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PREGNANCY IS STILL COSTING WOMEN THEIR JOBS


Part | 01

A few years ago, I gave birth to my first daughter, Jett, via planned Cesarean delivery. During my last ultrasound of the pregnancy, we learned that the umbilical cord was wrapped around her neck, so I was told I had to have a C-section for that reason.

I can’t say I was disappointed by the news. I wasn’t exactly excited about a vaginal delivery, and honestly, my life was so hectic, that the idea of scheduling my delivery was actually kind of nice. I had been so busy traveling for work, that when my husband Paul and I found out we were pregnant, it was a shock — we’d barely seen each other that month.

I’m admittedly a type-A personality who has always been used to being in control of my life. Before I became pregnant with Jett, I had suffered two miscarriages. After each one I thought, “What did I do wrong? How did I cause this?” It was demoralizing.

So, the predictability of a planned delivery worked for me. I had a date. I had a time. I knew exactly when I was going to be giving birth. I wasn’t in that limbo phase, anxiously waiting for labor to spontaneously start.

Everything went according to plan. I went into the hospital on the morning of March 8, 2013, and a couple hours later, welcomed a healthy baby girl into the world. The surgery went smoothly and there were no complications.

After Jett was born, she completely changed and brought new meaning to our lives. But my schedule was just as chaotic. There was even a period of time when I was FedExing containers of my breast milk from the road, back home to feed my daughter.

So, when I became pregnant with my second daughter, there was no question — I would have another scheduled C-section. But unlike my first delivery, there was no actual medical necessity for this one.

Through my reporting for this series, I learned that my first C-section and my preference for a second were a part of a major nationwide trend. In just a decade, the rate of C-sections performed in the United States shot up over 50%. It reached an all-time high in 2009 at 32.9%, and has stayed within the 32% range ever since. To put that into perspective, the World Health Organization says it should ideally be closer to 10-15%.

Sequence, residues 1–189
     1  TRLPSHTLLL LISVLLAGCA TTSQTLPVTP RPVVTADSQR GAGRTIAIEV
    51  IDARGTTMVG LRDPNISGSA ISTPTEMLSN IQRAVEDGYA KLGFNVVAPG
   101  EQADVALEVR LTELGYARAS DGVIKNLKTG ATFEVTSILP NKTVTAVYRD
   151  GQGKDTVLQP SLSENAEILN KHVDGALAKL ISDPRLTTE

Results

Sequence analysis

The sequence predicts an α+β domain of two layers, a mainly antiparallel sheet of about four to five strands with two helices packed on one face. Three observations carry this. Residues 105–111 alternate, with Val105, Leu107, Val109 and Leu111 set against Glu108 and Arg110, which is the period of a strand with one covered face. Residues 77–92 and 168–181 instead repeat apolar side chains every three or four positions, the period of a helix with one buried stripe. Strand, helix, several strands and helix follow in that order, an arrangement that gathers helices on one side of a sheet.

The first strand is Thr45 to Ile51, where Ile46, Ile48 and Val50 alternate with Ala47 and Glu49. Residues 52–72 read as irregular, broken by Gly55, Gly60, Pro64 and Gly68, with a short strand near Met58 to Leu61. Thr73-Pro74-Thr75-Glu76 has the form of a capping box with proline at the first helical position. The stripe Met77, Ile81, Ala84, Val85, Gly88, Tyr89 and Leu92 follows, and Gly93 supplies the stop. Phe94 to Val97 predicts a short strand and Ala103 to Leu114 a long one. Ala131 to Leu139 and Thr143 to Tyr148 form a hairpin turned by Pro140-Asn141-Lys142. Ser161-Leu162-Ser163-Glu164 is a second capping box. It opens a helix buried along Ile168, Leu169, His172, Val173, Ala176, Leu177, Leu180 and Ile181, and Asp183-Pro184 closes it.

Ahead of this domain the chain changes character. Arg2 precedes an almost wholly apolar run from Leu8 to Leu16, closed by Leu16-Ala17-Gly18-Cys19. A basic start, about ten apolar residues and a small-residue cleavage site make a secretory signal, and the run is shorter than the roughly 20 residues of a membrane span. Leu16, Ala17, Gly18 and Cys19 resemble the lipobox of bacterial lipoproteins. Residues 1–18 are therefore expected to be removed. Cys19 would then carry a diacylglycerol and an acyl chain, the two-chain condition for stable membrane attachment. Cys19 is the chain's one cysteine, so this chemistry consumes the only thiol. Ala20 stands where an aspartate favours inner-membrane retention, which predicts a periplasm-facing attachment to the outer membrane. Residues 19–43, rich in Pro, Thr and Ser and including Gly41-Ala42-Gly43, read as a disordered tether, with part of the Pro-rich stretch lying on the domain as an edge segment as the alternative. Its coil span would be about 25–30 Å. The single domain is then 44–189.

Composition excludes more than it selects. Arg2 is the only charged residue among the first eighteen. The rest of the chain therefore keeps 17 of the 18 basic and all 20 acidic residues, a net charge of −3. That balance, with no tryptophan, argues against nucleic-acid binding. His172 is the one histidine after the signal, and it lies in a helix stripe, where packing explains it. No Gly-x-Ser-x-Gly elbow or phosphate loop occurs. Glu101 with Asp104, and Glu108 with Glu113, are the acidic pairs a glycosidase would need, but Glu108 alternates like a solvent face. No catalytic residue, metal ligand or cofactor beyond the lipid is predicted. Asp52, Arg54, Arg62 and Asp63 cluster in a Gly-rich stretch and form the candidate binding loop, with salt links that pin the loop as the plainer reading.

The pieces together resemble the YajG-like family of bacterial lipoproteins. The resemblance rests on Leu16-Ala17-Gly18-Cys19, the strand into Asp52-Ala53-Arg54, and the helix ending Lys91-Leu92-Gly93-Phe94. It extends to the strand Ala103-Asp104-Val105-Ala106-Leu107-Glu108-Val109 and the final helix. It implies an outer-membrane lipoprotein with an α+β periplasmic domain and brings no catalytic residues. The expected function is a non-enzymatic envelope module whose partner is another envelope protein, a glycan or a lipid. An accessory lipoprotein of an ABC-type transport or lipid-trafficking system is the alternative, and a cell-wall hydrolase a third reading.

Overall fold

Health care professionals have identified many different factors that have contributed to the rise in C-sections, including the fact that more women are delaying motherhood into their 40s, as well as the rise in chronic health conditions, like obesity, that can put a pregnancy into the high-risk category. But along with the rise of the general C-section rate, which includes those surgeries that are medically necessary, the C-section rate among low-risk pregnancies also rose by about 50% in that same 10-year period.

Age Rate of Cesarean

These C-sections, and especially the ones among them that are happening in the absence of any medical emergency, have come under increased scrutiny among medical professionals and public health officials in their efforts to get our nation’s C-section rate, and health care spending, under control. C-sections are on average, 50% more expensive than vaginal births, and cost us billions every year.

C-sections also come with a host of potential health risks to both mothers and babies. Something I, unfortunately had to learn first-hand, the hard way.

On June 6, 2016, I gave birth to my second daughter, Ray. Unlike my first C-section incision, this one didn’t seem to be healing as quickly. In fact, I was experiencing a lot more pain than I did with my first, and at one point, fluid began leaking from the incision.

I had developed an extremely painful infection and it was awful. I was prescribed antibiotics, which fortunately seemed to kill the infection, but it took a whole month for the wound to completely close.

My husband, who is a doctor himself, suspects that I may have picked up the infection in the hospital. I was never really aware of just how rampant hospital infections are. And while I spent so much time talking to people about the benefits of a vaginal birth versus the potential risks of an elective C-section for this series, I also thought, “It could never happen to me.”

In all honesty, I regret it.

I’m grateful that my baby’s OK, and that I’m OK now, but it was not easy. I hope that when women consider having an elective C-section, they really, really take the time to understand the potential consequences.

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